There was, it seems, a conflict of interest between Locke’s toleration and Whiggery. Both Charles and James were ready to pass toleration, and by any means necessary, even if that meant dissolving Parliament. Surely, they both knew the risk in doing so; they only had to look to their father to see the danger in doing away with Parliament. For Locke, the toleration that the kings wished to advance was not a principled one. Universal toleration for Locke, was dangerous. It allowed for destructive religion that could threaten society. Tolerance could only be extended as far as society could allow for it. To Locke, English society could allow all sorts of Protestant dissent, but it had no room for Catholicism or atheism, on principle.

We can see, then, that Locke’s toleration certainly is principled, but it is exactly this principled nature that prevents it from being universal. It is inherently self-limiting. By principle, it cannot tolerate the intolerable. Though the society structured in A Letter Concerning Toleration is one where the government may not force its subjects’ hands in the matter of conscience, Locke’s attitude on Catholics and atheists is abundantly clear. They were not reliable citizens. When we consider this, we come to see that Locke’s intolerance of these groups – or, at the very least, his disdain of them – is a principled thing. Something cannot be principled if it is not universal; that totally negates the very meaning of the term principled. Politics and religion are far too intertwined to have principled toleration apply to everyone. The religious origins of the work, along with Locke’s political persuasion would make it impossible. It seems, then, that pragmatic, universal toleration – the type that Charles II and James II tried to enforce – would be contrary to Locke’s principled toleration.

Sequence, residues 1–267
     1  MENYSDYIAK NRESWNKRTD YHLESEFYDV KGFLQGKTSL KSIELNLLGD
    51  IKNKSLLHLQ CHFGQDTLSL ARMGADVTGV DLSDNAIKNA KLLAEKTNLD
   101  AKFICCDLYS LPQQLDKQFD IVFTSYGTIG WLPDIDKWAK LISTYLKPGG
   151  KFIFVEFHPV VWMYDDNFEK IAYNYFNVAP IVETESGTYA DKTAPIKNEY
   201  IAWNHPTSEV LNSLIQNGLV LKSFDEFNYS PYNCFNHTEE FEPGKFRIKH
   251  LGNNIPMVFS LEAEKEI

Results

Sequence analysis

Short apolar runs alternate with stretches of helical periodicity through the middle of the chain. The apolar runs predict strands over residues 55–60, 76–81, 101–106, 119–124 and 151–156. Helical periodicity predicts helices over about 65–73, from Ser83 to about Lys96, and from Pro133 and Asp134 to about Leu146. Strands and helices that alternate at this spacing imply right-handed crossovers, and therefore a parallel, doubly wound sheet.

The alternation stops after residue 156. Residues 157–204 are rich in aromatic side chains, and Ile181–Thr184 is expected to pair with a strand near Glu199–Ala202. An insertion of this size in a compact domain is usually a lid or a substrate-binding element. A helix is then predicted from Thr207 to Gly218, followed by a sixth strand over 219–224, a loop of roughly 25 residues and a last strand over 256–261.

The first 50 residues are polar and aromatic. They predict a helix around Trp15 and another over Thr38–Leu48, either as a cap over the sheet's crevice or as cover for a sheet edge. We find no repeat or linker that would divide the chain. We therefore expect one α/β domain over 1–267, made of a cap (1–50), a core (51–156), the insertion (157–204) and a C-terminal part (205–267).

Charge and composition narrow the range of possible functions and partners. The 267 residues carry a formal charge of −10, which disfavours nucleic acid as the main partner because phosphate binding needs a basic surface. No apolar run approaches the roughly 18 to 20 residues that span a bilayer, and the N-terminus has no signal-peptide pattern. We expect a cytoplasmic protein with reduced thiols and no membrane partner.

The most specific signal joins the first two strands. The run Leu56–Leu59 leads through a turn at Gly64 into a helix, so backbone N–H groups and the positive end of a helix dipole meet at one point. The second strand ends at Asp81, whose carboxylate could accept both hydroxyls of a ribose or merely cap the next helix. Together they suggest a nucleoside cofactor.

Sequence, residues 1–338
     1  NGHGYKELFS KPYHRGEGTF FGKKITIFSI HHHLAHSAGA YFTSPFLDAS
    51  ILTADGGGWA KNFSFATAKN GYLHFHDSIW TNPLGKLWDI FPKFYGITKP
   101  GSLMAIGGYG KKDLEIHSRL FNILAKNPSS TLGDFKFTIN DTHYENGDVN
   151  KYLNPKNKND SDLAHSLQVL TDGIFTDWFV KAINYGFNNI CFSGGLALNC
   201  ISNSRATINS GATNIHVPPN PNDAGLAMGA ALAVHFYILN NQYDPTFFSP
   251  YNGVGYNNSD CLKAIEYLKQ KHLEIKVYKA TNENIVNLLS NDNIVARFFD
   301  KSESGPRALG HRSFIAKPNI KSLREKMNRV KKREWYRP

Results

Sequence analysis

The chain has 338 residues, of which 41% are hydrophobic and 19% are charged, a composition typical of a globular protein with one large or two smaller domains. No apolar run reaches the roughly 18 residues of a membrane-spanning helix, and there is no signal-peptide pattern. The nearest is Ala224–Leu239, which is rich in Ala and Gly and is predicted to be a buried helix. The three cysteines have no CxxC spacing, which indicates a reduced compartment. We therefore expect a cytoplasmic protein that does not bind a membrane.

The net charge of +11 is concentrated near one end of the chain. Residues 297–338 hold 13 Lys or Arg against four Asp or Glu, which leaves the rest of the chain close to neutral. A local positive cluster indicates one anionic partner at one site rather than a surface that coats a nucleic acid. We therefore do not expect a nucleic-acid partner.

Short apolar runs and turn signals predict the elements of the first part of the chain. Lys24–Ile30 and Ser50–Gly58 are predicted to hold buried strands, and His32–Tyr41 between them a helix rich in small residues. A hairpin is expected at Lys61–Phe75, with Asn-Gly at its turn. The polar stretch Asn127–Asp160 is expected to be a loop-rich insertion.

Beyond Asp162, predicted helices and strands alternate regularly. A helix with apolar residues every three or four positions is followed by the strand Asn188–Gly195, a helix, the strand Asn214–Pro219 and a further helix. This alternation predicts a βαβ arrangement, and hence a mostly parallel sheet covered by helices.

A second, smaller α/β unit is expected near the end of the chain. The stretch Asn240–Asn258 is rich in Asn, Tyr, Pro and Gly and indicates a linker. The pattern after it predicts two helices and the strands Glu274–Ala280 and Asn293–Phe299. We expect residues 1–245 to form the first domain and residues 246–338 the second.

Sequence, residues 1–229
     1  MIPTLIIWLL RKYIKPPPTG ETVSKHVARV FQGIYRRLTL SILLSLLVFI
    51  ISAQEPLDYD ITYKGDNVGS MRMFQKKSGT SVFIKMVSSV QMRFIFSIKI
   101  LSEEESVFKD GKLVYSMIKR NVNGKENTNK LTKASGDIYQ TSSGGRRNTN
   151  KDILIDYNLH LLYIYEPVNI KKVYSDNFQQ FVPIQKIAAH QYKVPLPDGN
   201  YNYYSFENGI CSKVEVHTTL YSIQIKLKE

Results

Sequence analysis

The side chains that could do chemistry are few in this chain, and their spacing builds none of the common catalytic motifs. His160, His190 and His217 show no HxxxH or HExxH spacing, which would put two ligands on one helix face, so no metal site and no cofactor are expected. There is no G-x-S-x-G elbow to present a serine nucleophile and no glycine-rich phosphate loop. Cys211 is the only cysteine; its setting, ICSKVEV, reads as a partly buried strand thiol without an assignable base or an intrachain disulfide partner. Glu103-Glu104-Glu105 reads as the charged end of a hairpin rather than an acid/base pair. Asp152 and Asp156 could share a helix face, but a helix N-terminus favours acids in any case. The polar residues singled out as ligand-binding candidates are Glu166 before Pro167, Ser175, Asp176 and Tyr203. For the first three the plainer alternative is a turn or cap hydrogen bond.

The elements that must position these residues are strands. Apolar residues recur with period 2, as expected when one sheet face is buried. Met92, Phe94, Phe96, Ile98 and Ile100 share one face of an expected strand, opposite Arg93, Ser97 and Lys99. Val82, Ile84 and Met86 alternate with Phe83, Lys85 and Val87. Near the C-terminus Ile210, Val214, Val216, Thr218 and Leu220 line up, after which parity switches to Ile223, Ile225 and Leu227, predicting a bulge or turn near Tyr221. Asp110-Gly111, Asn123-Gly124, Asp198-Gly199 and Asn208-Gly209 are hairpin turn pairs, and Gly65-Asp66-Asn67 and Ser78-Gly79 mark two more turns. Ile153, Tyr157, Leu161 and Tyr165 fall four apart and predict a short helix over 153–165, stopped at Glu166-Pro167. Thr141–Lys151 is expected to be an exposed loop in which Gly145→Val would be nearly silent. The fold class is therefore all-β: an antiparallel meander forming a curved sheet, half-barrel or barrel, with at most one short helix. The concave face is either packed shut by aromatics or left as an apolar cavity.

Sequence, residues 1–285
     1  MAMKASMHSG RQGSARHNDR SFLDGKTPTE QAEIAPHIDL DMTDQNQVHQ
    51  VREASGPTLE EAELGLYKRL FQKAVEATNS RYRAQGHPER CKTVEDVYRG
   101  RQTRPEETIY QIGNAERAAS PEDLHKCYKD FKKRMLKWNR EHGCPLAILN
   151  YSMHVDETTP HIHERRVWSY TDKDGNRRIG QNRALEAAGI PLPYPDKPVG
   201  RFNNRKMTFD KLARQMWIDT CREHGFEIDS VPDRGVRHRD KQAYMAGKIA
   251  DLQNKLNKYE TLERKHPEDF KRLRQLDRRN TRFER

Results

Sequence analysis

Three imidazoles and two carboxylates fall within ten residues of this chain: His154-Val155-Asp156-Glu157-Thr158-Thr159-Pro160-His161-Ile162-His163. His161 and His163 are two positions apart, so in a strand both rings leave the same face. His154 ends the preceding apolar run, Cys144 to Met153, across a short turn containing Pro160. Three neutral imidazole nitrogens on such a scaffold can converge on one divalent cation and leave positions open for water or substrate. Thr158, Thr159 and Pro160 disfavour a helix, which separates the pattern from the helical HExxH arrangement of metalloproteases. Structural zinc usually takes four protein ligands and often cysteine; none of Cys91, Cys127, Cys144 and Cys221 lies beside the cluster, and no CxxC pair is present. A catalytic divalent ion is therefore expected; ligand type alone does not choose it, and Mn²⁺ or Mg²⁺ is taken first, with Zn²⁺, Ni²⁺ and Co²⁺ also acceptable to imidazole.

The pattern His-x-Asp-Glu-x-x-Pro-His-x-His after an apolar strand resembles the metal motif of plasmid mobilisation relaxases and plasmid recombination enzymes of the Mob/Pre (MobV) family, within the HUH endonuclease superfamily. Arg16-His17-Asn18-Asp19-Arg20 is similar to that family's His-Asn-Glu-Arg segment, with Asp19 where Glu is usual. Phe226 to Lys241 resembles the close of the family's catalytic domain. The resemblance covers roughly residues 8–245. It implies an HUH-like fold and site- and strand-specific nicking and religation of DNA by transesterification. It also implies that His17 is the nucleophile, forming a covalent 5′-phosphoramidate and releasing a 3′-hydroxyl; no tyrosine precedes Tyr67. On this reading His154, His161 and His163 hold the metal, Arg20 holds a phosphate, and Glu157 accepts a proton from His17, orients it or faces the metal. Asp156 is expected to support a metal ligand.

I posit that James' toleration was both universal and principled. If it wasn't principled toleration, then he wouldn't have gone to such lengths to enforce it. He would have acquiesced and kept his throne. However, he would rather live in principle without his crown. But this universal toleration of Charles and James could only be done through a virtual abuse of their power (in Parliament's eyes), but it was still universal. At the same time, Locke advocated for a limited government, and principled toleration, exempting Catholics.